12 Ingredients to Avoid in Personal Care Products
* Coal tar colors: FD&C Blue 1, Green 3
* Diethanolamine (DEA)
* Formaldehyde from quaternium 15
* Mercury and lead
* Methyl-, propyl-, butyl- and ethyl parabens
* Petroleum distillates* Phenylenediamine (PPD)
Here are some ingredients to look for on labels and avoid:
Coal-Tar Dyes: These coloring agents can be carcinogens. Avoid cosmetics containing FD&C Blue 1, FD&C Green 3, D&C Red 33, FD&C Yellow 5, FC&C Yellow 6.
Glycol Ethers: Some glycol ethers have been linked to reproductive-system harm or birth defects, and overexposure can also result in kidney damage and liver abnormalities. Propylene glycol is a common skin irritant.
Fragrance: This blanket term generally covers synthetic fragrance using phthalates, a family of chemical plasticizers that have been shown to cause birth defects, reproductive impairments and liver damage in lab animals. And, according to the American Academy of Dermatology, fragrance is the number-one cause of allergic reactions from cosmetics.
Petrolatum: Although studies confirm that petroleum jelly, or Vaseline, is safe, it is derived from a non-renewable resource and can cause allergic skin reactions. And if you accidentally eat too much—not an impossibility if you are slathering it on your lips—you may wind up with diarrhea.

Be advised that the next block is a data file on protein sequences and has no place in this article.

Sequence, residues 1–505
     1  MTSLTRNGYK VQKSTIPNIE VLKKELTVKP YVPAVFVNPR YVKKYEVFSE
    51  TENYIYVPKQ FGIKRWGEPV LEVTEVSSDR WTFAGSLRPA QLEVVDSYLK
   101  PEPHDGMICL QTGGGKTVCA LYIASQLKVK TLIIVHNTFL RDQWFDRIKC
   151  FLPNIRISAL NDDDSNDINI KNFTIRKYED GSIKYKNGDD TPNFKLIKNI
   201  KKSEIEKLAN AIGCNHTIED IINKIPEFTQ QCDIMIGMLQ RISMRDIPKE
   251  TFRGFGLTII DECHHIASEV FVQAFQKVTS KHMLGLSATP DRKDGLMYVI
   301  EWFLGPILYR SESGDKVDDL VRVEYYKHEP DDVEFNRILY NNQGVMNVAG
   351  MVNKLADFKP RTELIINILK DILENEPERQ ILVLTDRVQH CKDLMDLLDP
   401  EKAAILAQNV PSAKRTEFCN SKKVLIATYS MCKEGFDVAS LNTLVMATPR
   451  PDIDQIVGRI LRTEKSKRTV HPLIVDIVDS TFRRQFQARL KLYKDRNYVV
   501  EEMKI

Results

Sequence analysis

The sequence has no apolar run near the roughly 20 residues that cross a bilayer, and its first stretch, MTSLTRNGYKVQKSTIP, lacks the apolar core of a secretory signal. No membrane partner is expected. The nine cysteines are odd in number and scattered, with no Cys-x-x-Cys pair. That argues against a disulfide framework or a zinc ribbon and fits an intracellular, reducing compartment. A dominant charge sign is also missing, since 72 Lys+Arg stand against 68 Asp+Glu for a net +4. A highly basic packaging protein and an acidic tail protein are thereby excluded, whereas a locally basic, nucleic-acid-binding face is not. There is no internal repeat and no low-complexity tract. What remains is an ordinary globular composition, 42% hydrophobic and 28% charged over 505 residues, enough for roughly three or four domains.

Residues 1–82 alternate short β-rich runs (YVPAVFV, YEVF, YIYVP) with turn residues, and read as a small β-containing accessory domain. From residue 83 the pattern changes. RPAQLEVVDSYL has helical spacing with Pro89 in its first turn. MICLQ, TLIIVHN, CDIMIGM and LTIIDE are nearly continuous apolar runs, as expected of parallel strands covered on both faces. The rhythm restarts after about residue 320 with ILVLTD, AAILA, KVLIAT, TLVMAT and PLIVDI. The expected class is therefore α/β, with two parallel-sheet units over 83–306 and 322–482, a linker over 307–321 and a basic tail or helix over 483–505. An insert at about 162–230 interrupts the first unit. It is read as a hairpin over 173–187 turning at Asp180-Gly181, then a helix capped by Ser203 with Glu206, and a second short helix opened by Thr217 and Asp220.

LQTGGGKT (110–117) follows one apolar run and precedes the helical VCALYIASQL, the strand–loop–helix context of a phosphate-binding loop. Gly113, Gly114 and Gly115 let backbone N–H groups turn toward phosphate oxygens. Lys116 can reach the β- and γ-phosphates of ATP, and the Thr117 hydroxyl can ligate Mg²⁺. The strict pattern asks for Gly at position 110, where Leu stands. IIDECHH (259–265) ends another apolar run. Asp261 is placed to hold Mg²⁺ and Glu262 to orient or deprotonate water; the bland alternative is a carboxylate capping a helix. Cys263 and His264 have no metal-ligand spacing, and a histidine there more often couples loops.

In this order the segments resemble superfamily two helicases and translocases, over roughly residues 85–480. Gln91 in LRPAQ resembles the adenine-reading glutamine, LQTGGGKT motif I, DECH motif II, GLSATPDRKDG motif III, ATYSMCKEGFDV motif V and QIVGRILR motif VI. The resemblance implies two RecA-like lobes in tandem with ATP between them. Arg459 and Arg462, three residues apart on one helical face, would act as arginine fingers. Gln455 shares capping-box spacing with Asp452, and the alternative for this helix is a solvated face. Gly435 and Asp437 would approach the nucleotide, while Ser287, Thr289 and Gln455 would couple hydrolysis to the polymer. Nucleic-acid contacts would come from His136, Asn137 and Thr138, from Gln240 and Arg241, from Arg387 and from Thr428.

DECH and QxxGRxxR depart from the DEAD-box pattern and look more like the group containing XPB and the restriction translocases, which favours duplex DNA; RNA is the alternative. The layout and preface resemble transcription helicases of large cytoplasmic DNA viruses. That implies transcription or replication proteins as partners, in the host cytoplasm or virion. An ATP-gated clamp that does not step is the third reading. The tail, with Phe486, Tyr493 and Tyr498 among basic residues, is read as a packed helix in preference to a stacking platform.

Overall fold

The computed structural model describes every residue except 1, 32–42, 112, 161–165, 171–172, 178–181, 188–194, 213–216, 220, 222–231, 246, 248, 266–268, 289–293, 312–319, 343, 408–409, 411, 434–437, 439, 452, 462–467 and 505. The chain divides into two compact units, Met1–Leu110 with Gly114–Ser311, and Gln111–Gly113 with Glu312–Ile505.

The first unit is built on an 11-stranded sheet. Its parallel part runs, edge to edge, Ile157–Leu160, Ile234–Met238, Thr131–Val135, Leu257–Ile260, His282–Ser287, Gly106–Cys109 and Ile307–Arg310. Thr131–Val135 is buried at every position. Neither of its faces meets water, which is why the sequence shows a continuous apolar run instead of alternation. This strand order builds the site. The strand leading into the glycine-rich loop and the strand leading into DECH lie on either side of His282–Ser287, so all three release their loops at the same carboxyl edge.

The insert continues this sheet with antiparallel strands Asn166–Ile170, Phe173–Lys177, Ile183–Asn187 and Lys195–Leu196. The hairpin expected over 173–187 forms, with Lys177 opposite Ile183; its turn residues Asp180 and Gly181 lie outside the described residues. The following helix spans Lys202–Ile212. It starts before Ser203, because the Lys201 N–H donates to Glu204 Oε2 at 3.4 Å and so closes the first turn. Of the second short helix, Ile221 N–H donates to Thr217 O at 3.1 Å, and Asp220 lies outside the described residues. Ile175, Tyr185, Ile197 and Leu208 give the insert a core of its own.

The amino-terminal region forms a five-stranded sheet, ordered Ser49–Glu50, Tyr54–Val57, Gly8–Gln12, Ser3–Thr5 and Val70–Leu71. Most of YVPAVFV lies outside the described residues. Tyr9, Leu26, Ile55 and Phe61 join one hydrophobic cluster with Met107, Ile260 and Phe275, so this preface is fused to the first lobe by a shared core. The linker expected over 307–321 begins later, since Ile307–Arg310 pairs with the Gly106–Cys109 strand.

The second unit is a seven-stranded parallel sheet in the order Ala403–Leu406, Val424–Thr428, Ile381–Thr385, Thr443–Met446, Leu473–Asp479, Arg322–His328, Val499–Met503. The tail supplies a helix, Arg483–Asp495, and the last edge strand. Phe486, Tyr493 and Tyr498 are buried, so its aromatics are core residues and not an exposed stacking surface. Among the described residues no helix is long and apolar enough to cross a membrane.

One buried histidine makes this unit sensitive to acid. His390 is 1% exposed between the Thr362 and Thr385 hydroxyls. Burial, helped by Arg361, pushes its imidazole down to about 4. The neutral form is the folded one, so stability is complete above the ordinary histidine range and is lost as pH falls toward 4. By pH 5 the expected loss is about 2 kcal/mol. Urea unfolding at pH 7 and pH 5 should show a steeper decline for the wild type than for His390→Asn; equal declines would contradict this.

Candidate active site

Preservatives: Parabens, including methyl-, butyl-, ethyl- and propyl-, often cause skin irritation and have been found in tissue samples from human breast tumors. Consumers should also avoid bronopol (often listed as 2-brono-2-nitropropane-1, 3-diol), diazolidinyl urea, DMDM hydantion, imidazolidinyl urea and quaternium 15, all of which can release formaldehyde, a probable human carcinogen.
Hypoallergenic: Don’t be seduced by this meaningless term. The FDA states that “there are no federal standards or definitions that govern the use of the term ‘hypoallergenic.'” Some products labeled “hypoallergenic,” for example, contain known allergens, such as quaternium 15 and propylene glycol.
Look for these “goodies,” generally less irritating and less risky for health and the environment, in a variety of personal care products. (You download and print this list as part of a comprehensive cosmetics guide, available at “The Good, The Bad & The Ugly“).
Pycnogenol (from pine trees)
Rice bran oil
Sweet almond oil
Stay tuned for my homemade household cleaner recipes.